South America: Some sponsors like Ford want Champ Car to race in South America.  Although beset by economic woes in recent years (both Argentina and Brazil), there are signs of a solid economic turnaround.  Buenos Aires is a city looking to put itself back on the map and Champ Car's strong international TV package will bring the exposure they seek in all the major markets worldwide.  Ditto for Brazil where Champ Car, though not as popular as it once was, still has a strong following.  If Cristiano da Matta comes back to Champ Car as rumored, and joins the likes of Bruno Junqueira and Mario Haberfeld, Champ Car's popularity will once again rise in Brazil.

True Global Sports Property:  Can Champ Car, a NAFTA based series, be a true global sports property? Do NAFTA sponsors care about overseas races?   Sponsors stay in F1 and spend big money. F1 isn't just "European" money.  CART was so poorly mismanaged, and the international TV package so poor in the past, they could not market themselves as a global sports entity. In 2005 Champ Car will have a proper international TV presence so companies can use that to get the word out about their product. Now the question is whether Champ Car itself hires the right marketing and sales staff to capitalize on this....and how long it will take to build a global awareness.

There simply are not enough domestic dollars around to make Champ Car successful as a "NAFTA" only product. Ditto for the IRL. NASCAR has sucked the USA (and soon NAFTA) market dry. A real hope for Champ Car is international money, if it has the right international platform.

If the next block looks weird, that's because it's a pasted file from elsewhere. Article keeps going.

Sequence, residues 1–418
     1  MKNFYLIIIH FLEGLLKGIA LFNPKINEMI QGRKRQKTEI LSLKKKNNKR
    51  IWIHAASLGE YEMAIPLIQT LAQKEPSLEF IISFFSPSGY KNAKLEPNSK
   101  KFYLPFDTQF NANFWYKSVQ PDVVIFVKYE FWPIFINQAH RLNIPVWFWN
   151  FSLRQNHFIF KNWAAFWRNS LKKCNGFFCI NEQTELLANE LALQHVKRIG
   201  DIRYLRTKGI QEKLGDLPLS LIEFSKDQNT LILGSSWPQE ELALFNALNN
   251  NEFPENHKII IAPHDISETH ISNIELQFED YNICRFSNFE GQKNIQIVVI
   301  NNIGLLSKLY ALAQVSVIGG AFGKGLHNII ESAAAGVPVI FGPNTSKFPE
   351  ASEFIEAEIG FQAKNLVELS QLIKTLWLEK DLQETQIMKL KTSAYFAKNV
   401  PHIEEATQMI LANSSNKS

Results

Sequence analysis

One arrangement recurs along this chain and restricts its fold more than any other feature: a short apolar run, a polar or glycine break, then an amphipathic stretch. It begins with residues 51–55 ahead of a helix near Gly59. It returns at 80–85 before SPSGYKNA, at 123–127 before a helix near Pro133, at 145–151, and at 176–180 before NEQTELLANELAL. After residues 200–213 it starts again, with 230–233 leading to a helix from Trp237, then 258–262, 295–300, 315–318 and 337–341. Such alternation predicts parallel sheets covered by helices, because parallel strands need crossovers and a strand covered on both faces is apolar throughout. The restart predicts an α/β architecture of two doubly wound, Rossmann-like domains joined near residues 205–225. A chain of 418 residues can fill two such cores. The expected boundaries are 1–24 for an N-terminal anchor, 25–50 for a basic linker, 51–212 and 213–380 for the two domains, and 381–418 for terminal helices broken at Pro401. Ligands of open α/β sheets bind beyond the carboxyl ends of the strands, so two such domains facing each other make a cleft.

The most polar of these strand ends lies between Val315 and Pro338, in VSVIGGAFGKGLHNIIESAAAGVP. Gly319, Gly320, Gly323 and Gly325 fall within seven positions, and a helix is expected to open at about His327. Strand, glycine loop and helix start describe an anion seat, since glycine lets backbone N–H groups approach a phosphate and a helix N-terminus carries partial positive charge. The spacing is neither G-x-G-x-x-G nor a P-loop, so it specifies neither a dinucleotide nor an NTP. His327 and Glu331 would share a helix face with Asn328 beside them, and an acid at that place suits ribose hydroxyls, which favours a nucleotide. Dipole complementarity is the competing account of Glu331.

As long as every race is televised and a sponsor's name is seen by the demographic of people they are trying to reach, it does not matter whether the race is in Oshkosh or Beijing. TV reaches far more people than the people at the actual race track. Sure, you must have fans in the grandstands, but if I am a sponsor, those 50,000 to 100,000 pair of eyeballs is dwarfed by the tens of millions of fans watching on TV.

Champ Car must have the right marketing people in place who can sit down with the sponsor rep and explain the "vision" and benefits to them of a global series, but that they still reach the specific markets they want through TV, regardless of where they are racing this week. It comes down to good TV production and a solid TV reach into both domestic and foreign markets. There are still "plenty" of races in the NAFTA market to reach the fans at the race tracks in North America. Champ Car has excellent NAFTA venues and that will soon get even better, but TV is the key to global sponsor exposure.

Champ Car vs. F1: The difference between F1 and Champ Car is that Champ Car delivers far more NAFTA race markets than F1 does. While both are international, Champ Car has a home-base in NAFTA while F1 has a home-base in the EU. That is the difference and sponsors can choose one or both series, depending on what markets are most important to them. Champ Car is also far less expensive than F1, so if it reaches a lot of the same markets, the potential to deliver a better return on investment is there.